Netgear ended 2016 on a bad note with many of its routers exposed as vulnerable. It's not starting off 2017 on the most steady footing, either: A new report shows that as many as one million Netgear routers, spanning about 30 different models, are vulnerable to password pilfering and being hijacked by a botnet. Fortunately, there are patches available for 19 models, which you should implement immediately.
The two scary vulnerabilities were discovered by a researcher named Simon Kenin from the Trustwave security firm, who disclosed the news yesterday (Jan. 30). Kenin revealed the flaws in tandem with Netgear's release of patches.
If you use one of the routers listed below, you can download the security update patch for it from this page (opens in new tab). Owners of the AC1750 WiFi Cable Modem Router (Model C6300) need to contact their internet service providers for update instructions.
Patched Netgear Routers and Model Numbers
Nighthawk X8 Tri-Band AC5300 WiFi Router (Model R8500)
Nighthawk X8 AC5000 Smart WiFi Router (Model R8300)
Nighthawk AC1900 Smart WiFi Router (Model R7000)
AC1750 Smart WiFi Router—802.11ac Dual Band Gigabit (Model R6400)
Nighthawk DST—AC1900 DST Router (Model R7300DST)
Nighthawk 4G LTE Modem Router (Model R7100LG)
Smart WiFi Router AC1750 Dual Band Gigabit (Model R6300v2)
N600 Wireless Dual Band Router (Model WNDR3400v3)
N300 Wireless Gigabit Router (Model WNR3500Lv2)
Smart WiFi Router (AC1600) (Model R6250)
Nighthawk AC1750 Smart WiFi Router—Dual Band Gigabit (Model R6700)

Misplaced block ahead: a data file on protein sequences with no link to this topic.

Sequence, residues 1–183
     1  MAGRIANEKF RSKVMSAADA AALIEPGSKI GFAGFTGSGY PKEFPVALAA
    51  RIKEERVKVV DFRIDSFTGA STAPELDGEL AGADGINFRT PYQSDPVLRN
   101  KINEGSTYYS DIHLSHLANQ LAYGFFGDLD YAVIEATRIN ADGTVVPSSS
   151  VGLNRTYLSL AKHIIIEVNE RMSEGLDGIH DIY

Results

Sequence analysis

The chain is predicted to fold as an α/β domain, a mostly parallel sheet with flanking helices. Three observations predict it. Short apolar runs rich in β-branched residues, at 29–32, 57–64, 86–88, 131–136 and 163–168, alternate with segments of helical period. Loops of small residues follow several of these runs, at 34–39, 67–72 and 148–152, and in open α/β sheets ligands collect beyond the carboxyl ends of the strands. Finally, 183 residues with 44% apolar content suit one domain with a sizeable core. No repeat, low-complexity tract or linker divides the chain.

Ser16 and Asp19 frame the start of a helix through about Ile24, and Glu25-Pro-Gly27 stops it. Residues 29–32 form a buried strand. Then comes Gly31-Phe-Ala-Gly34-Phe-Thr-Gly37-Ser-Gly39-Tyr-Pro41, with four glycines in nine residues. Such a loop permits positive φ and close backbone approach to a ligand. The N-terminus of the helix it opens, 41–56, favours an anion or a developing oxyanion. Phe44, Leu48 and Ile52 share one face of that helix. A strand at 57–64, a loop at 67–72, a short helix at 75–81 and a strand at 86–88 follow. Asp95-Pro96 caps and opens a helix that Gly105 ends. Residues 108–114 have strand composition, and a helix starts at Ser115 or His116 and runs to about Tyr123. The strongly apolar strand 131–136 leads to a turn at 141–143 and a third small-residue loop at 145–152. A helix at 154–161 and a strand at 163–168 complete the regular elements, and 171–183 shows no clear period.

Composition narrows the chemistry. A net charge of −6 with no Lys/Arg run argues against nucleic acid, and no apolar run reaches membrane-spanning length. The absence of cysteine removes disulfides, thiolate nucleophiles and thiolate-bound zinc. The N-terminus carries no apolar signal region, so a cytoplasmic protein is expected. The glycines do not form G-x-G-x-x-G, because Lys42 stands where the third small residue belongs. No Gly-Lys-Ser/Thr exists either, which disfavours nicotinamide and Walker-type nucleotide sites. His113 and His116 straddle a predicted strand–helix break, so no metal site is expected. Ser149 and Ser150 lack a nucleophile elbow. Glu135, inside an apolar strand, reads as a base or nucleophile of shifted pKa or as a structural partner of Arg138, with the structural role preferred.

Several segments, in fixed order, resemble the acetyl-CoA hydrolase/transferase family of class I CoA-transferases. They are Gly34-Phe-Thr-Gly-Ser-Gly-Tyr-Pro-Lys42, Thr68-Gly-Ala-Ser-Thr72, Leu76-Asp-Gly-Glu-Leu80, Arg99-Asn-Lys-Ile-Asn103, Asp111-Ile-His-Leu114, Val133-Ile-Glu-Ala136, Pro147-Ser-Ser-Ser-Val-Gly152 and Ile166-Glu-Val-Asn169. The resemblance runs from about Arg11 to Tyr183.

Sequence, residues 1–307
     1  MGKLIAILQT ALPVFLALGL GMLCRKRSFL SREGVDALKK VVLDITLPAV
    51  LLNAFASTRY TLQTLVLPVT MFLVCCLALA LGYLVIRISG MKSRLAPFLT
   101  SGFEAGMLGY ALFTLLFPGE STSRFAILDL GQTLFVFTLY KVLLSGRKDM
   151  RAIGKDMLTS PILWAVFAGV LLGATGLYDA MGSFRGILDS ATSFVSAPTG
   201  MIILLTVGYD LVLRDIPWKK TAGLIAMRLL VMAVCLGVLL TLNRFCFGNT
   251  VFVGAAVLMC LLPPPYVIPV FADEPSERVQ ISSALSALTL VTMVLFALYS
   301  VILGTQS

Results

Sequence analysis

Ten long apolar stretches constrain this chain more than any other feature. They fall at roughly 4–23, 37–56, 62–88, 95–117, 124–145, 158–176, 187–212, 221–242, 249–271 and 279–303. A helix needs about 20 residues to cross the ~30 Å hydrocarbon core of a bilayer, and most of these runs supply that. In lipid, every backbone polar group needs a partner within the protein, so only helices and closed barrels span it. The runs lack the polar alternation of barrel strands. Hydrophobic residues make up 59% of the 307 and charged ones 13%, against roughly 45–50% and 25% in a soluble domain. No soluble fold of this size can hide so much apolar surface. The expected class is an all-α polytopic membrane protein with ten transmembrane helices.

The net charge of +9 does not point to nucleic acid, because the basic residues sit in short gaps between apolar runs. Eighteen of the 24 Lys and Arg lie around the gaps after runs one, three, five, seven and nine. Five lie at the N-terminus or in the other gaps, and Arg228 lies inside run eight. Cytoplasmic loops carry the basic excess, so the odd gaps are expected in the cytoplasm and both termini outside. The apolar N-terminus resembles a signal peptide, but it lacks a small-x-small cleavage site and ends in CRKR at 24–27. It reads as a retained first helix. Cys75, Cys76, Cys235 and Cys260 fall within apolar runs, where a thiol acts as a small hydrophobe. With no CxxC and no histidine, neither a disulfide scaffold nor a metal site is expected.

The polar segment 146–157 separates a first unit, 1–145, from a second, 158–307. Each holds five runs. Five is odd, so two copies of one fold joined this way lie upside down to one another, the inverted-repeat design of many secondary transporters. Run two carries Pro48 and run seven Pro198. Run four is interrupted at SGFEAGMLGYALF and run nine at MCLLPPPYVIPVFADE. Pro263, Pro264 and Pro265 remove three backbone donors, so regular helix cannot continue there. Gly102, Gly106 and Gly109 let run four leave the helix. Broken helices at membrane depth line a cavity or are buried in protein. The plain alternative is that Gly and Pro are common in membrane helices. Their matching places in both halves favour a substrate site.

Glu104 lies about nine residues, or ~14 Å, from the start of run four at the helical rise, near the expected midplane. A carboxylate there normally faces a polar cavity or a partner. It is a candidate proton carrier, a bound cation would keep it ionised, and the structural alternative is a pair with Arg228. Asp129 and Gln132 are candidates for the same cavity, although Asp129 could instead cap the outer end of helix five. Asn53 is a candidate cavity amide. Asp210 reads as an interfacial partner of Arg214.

Nighthawk AC1900 Smart WiFi Router (Model R6900)
Nighthawk X6—AC3200 Tri-Band WiFi Gigabit Router (Model R8000)
Nighthawk X6—AC3000 Tri-Band WiFi Gigabit Router (Model R7900)
N900 Wireless Dual Band Gigabit Router (Model WNDR4500v2)
Smart WiFi Router AC1200 Dual Band Gigabit (Model R6200v2)
N600 Wireless Dual Band Router (Model WNDR3400v2)
WiFi VDSL2/ADSL2+ Modem Router (Model D6220)
AC1600 WiFi VDSL/ADSL Modem Router—802.11ac Dual Band Gigabit (Model D6400)
For the other affected models, Netgear is providing a workaround in lieu of a fix. If you use one of the devices listed below, use the instructions here (opens in new tab) to check its firmware version. If it matches the firmware number listed, enable password recovery (opens in new tab) and then disable remote management using the steps listed in that specific product's user manual, which you can find by searching here (opens in new tab).
Router Model and Firmware Version:
Dual Band Gigabit Wireless Router - 802.11ac (Model R6200); v188.8.131.52_1.0.43
Dual Band Gigabit Wireless Router - 802.11ac (Model R6300v1); v184.108.40.206_1.0.58
VDSL Wireless Gateway (Model VEGN2610); v220.127.116.11_1.0.12
Smart WiFi Router (Model AC1450); v18.104.22.168_10.0.16
N150 Wireless Router (Model WNR1000v3); v22.214.171.124_60.0.93
N600 Wireless Dual Band Gigabit Router (Model WNDR3700v3); v126.96.36.199_1.0.31
N750 Wireless Dual Band Gigabit Router (Model WNDR4000); v188.8.131.52_9.1.86
WiFi Dual Band Gigabit Router -- Premium Edition (Model WNDR4500); v184.108.40.206_1.0.68
DSL Gateway Model and Firmware Version:
WiFi ADSL Modem Router (Model D6300); v220.127.116.11
WiFi Modem Router 802.11ac (Model D6300B); v18.104.22.168
N300 Wireless ADSL2+ Modem Router (Model DGN2200Bv4); v22.214.171.124
N300 Wireless ADSL2+ Modem Router (Model DGN2200v4); v126.96.36.199
These patches fix a flaw that Kenin discovered by hacking his own Netgear router, which had stopped working, from his bedroom on a cold and rainy winter night. Kenin, who admits he is "not a great programmer," figured out a way to get his router to cough up its administrative password by sending it a line of code through the local network.
A router is vulnerable to the remote access version of the flaw if its Remote Administration feature is turned on. (It's off by default.) If that setting isn't enabled, you'll need to get on the local network to deliver the payload. Kenin notes that that could threaten routers in coffee shops and other locations with open Wi-Fi networks.
Kenin's post claims that Trustwave researchers found more than 10,000 vulnerable devices during an internet scan, but that the total count is "probably in the hundreds of thousands, if not over a million."